As I look through my living room window in Columbus, Ohio, I find a very familiar scene outside. The leaves have separated from their trees and the sun is trapped behind consistently gray clouds. Thankfully, as we get closer to Christmas, winter is brightened by colorful lights and decorations. These changes in the weather make me wonder what the Christmas season looks like in places where snow and hot chocolate might not be a common occurrence.
Working as a communications specialist for Young Life Africa and the Middle East has given me the opportunity to virtually work alongside people who live in countries and cultures that are very different from mine. This has led me to learn more about the celebration of Christmas in Africa. I met on Zoom calls with three of my co-workers, each of whom are communications specialists representing a different Young Life geography in Africa. Through these conversations, I learned some new traditions and found many similarities.
Diana Nkhoma lives in Malawi, a country located in southeastern Africa. It is nicknamed “The Warm Heart of Africa” because they are a kind and welcoming people. With this in mind, it makes sense that Diana shared that gathering with loved ones is the most important Christmas tradition to her. It is common to see large groups of around 100 people sharing chicken stew on Christmas! Malawi is an underdeveloped country, so eating chicken and rice is a treat for many people. Some will even celebrate by splurging on that classic citric delicacy, an orange Fanta.
If a family is blessed with enough resources, it is common to see them travel to Lake Malawi, the fifth-largest freshwater lake in the world. Diana said that gift-giving is valued by many in Malawi, but it is not something that every family can afford. The Young Life team in Malawi is stepping into this space and helping brighten the lives of kids at Christmas. In Blantyre, the team contributes to a generosity campaign through which they collect money and donate school supplies and other necessities to orphanages.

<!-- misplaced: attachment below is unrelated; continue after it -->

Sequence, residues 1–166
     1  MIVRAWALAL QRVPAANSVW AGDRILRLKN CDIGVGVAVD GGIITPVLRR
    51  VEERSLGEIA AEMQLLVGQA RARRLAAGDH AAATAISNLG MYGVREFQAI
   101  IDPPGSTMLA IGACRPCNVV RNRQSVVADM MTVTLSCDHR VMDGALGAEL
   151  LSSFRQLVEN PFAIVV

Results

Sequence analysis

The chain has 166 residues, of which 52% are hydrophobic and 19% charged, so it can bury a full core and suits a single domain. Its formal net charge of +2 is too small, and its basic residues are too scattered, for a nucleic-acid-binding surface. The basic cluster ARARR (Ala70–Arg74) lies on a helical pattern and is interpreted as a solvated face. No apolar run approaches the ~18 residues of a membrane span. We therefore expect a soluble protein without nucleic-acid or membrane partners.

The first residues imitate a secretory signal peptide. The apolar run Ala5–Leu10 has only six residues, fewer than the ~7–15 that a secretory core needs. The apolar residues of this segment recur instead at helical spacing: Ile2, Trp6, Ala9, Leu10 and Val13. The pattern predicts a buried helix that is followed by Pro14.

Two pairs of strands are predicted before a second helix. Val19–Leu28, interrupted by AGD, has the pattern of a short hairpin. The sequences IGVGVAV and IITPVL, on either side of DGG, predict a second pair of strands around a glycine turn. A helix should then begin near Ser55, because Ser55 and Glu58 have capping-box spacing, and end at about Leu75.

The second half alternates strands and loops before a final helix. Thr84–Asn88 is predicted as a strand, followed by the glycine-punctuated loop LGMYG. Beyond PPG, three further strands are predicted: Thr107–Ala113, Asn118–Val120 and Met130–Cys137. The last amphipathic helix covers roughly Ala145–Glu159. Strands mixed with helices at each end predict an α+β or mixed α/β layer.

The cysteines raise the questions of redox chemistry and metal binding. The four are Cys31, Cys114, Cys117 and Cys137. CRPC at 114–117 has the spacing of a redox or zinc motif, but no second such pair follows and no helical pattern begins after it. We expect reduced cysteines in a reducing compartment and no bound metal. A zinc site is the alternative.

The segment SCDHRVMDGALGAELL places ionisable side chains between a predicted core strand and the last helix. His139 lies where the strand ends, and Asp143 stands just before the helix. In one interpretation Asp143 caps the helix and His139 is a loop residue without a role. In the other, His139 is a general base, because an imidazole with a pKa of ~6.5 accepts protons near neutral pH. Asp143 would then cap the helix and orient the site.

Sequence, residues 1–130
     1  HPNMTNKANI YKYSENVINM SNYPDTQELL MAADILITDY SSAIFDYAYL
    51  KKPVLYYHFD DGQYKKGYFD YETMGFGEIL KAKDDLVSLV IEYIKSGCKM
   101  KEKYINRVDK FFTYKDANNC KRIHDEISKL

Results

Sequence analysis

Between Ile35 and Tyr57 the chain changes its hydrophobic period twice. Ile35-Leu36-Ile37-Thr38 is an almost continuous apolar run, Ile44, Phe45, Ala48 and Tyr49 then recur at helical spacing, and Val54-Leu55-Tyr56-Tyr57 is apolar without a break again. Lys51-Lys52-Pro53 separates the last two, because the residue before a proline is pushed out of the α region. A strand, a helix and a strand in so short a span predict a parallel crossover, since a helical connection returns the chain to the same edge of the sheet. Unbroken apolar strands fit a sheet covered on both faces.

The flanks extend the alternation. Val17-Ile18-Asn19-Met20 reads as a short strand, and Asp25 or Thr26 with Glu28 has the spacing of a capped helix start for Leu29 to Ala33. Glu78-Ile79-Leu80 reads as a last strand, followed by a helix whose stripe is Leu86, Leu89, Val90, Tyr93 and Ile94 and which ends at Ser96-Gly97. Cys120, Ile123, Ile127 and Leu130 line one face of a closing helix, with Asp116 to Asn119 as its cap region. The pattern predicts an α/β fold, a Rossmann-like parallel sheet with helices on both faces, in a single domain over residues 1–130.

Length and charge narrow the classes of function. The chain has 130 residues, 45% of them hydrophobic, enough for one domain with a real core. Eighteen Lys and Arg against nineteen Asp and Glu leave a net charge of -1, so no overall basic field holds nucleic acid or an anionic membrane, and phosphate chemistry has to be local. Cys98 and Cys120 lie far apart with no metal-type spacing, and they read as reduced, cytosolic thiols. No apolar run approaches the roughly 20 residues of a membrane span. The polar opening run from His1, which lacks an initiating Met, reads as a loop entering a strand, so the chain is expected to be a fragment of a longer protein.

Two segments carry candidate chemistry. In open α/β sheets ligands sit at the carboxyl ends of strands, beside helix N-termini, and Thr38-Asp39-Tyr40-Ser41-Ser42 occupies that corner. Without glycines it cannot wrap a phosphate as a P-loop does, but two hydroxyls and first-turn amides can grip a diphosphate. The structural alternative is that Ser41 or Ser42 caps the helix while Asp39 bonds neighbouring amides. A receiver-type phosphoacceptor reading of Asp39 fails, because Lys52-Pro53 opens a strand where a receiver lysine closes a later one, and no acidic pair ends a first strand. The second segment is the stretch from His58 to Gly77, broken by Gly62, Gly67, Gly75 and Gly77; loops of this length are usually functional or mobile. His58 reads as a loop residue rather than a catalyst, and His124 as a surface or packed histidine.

Monrovia is the capital of Liberia, a west African country bordered by the Atlantic Ocean, Sierra Leone, Guinea, and Ivory Coast. Zubah, communications specialist for the west geography, will have a family gathering similar to that of Diana, with about a hundred people from all over meeting for a Christmas reunion. Some of his family members who live in the United States will come back to Liberia for the whole month of December. This is very common for Liberians who moved out of the country, so the city is bustling this time of year. Almost a third of the Liberian population lives in Monrovia, and the city becomes even more crowded during Christmas time with all of the travelers wanting to enjoy the beaches.
With this said, Zubah prefers to stay home on Christmas day and enjoy the company of his wife, Pauline, and his two-year-old son, Zubah Jr. They typically will go to church in the morning, then head home to open gifts and stay in for the day. Zubah also shared that during the Christmas season in Liberia, Christians focus on caring for those who are less fortunate. When he was young, his mother led a youth ministry and he remembers singing Christmas carols and giving gifts to kids who did not have much. Zubah is continuing this season of generosity with kids in his neighborhood and is hoping his son will be someone who does the same when he is older.
On my third Zoom call with Belindah Oyugi, I noticed that there was a common Christmas celebration that I haven’t experienced. All three of my co-workers have a HUGE family party with close to a hundred people that they all know personally. Belindah’s great-grandpa had twenty-six children, and all of them, including their children, gather for Christmas every year. One of Belindah’s favorite Christmas traditions is the chicken dish that her mother makes every year called “Mother and Child”.
Mombasa’s warm weather and location along the Indian Ocean means a lot of Kenyans are out on the beaches for Christmas. She shared that they might even use snowflakes as Christmas decorations, even though they have never seen snowfall in Mombasa. Being from Ohio, this made me a bit jealous that they can spend their Christmas on the beach.
After these short calls with my friends across Africa, I noticed the Christmas season is still the same at its core across the world. It is the children of God celebrating the birth of Jesus, the one who was humble enough to take the form of an infant, fully knowing that he would die a gruesome death for the sake of his people. The birth and death of Jesus brought salvation, and that is why we celebrate it as the global Church.
The Christmas season is also a time for Young Life staff and volunteers to rest and spend time with their loved ones. To help share the global celebration of Christmas with your kids, we made coloring pages to represent each African Geography. We hope these will lead to meaningful conversations with your whole family this Christmas season and that your kids can learn about Christmas in Africa.